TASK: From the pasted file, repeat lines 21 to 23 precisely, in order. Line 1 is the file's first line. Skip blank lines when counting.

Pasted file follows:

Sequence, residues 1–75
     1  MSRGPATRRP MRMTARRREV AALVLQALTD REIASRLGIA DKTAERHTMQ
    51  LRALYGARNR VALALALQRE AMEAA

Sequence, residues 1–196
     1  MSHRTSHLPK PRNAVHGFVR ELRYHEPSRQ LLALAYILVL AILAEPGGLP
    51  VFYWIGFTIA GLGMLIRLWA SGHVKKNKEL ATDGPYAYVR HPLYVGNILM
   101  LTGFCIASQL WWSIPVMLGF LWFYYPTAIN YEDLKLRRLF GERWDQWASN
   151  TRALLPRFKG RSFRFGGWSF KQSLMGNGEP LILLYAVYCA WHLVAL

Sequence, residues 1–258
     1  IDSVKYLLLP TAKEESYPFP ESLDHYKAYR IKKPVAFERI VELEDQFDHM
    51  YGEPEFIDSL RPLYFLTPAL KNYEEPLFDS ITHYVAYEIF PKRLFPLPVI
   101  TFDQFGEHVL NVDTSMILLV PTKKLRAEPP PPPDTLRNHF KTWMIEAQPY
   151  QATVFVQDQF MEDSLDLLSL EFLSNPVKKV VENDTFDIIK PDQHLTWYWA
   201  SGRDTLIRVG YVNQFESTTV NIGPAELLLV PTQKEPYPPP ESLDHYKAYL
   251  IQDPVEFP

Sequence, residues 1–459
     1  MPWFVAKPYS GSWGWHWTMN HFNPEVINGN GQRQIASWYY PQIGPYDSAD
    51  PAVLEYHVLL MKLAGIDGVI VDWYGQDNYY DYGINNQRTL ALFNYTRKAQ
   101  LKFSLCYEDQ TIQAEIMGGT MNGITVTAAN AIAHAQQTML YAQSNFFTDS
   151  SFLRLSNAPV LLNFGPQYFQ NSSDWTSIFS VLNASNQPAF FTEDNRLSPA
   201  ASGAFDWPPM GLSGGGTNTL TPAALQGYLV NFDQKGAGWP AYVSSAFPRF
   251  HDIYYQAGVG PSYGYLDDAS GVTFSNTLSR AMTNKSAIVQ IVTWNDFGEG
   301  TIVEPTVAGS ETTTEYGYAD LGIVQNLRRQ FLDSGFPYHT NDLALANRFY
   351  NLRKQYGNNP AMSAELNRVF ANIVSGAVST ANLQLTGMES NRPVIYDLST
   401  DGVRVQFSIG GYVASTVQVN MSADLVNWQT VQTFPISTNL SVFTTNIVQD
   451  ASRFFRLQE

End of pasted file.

   201  ASGAFDWPPM GLSGGGTNTL TPAALQGYLV NFDQKGAGWP AYVSSAFPRF
   251  HDIYYQAGVG PSYGYLDDAS GVTFSNTLSR AMTNKSAIVQ IVTWNDFGEG
   301  TIVEPTVAGS ETTTEYGYAD LGIVQNLRRQ FLDSGFPYHT NDLALANRFY